Sometimes in the process of producing an issue, our editors inadvertently create a “word of the issue”—a word (or words) that we are suddenly, unintentionally in love with, so much so that it pops up repeatedly throughout a story (if not the entire issue). This especially happens in stories with multiple writers, such as this month’s cover feature. It’s become a bit of a ritual—dare I say sport?—of our editors to spot the over-used word and cull it from the issue as we finalize layouts.
This month, we issued multiple “word watches”: “idyllic,” “charming,” “oasis” and the unusual (but understandable when in context) “briny.” We get a good chuckle over this every month, but once you get a look at our cover story on small-town getaways, you’ll see why writers (and editors) got carried away. The places featured look like movie sets (scene: idyllic, charming oasis). Dang, there I go again.
I adore road trips to small towns within a couple of hours of home for the same reason I love our Urban Safari stories about neighborhoods and microneighborhoods in Seattle. These small places unabashedly celebrate their own style and people—quirks, oddities and all—and offer a singular sense of place. In Washington, with a little effort, you can feel a world away and experience random acts of discovery. If not for our friends Serena and Kevin, for example, we never would have taken the road less traveled to Lake Chelan and experienced the town that is barely a town, Orondo—where you will find the coolest (literally) and showiest scratch-made ice cream anywhere in a cider shop. On another trip last summer to eastern Washington with my extended family, we took a circuitous route back home for a couple of “power trips” to Grand Coulee Dam and the Wild Horse wind farm near Ellensburg. (My dad is a retired physics and astronomy professor; my brother is a rocket scientist; this is how we roll in my family.) I had seen the windmills from a distance, but to be up close to them on a beautiful sunny, windy day is breathtaking and eerie all at once. Cody Bay captures the experience—and the reason why you should put a trip there on your travel bucket list—beautifully.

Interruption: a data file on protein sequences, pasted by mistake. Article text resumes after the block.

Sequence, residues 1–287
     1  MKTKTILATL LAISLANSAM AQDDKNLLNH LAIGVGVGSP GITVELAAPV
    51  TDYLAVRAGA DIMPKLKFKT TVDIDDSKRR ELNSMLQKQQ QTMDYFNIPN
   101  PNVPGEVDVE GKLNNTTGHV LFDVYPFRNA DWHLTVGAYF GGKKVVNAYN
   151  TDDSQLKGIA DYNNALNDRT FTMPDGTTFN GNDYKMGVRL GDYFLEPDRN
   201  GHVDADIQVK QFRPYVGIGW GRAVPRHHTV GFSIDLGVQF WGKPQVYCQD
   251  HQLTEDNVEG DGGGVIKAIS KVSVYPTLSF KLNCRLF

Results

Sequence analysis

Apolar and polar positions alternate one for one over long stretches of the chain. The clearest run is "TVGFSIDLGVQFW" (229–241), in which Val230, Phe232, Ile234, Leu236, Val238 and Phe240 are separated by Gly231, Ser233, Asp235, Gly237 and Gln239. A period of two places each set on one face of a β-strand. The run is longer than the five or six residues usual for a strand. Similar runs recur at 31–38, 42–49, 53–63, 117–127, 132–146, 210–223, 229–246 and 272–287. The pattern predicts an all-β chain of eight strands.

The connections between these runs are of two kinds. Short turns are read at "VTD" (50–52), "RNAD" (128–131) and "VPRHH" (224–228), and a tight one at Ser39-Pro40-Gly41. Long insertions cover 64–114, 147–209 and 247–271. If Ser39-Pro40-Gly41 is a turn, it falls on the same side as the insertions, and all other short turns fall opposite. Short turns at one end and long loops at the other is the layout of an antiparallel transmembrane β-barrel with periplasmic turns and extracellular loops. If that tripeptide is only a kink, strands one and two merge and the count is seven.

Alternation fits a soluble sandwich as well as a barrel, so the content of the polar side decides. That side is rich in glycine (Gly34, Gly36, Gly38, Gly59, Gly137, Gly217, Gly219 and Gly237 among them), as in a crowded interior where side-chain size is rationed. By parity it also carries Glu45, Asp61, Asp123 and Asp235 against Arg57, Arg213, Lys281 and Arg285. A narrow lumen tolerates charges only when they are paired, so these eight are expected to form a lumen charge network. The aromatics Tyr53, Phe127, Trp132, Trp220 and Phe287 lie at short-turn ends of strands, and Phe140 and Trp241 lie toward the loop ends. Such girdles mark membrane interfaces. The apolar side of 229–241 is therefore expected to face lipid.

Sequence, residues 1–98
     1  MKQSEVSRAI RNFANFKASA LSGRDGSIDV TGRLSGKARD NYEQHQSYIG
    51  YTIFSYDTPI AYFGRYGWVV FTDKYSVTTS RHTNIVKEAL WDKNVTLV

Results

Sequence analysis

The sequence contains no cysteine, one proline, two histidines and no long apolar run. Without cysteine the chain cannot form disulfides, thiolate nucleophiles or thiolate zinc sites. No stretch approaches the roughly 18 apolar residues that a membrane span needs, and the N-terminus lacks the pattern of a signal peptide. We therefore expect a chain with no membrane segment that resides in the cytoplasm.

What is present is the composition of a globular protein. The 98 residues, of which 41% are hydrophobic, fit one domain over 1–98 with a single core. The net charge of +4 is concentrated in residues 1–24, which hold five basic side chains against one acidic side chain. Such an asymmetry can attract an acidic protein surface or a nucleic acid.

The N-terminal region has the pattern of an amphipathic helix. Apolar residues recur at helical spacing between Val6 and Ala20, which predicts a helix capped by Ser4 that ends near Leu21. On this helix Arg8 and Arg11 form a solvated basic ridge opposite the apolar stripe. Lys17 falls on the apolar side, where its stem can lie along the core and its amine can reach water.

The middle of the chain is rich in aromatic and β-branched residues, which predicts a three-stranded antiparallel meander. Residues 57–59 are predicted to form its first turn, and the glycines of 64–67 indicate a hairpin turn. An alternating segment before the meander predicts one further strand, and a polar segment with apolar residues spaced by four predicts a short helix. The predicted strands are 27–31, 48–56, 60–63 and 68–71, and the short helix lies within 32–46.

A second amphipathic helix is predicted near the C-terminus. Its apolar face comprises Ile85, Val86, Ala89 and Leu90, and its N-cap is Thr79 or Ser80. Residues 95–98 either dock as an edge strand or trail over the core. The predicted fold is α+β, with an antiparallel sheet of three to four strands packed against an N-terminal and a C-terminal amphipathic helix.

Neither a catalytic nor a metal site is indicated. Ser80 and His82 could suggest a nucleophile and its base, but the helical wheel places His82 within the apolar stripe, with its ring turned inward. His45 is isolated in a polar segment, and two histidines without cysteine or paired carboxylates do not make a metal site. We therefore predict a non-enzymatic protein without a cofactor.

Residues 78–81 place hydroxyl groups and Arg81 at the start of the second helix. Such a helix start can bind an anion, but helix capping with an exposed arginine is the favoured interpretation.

As this issue was being produced, I was reminiscing with two of the three guys I used to road-trip with to superquirky small town festivals when we lived in Wisconsin. We are particularly fond of talking about the time they placed among the top ten finalists for the Cow Chip Throwing Championship (dried cow chips, of course, but yes, you read that right: cow chips) in Prairie du Sac, Wisconsin. I haven’t been to or heard about anything quite that awesomely bizarre here in Washington, but if you know of something, I’d love to hear about it. We’ll publish our favorites on the website at seattlemag.com, under “travel.” Happy trails!
Until next month,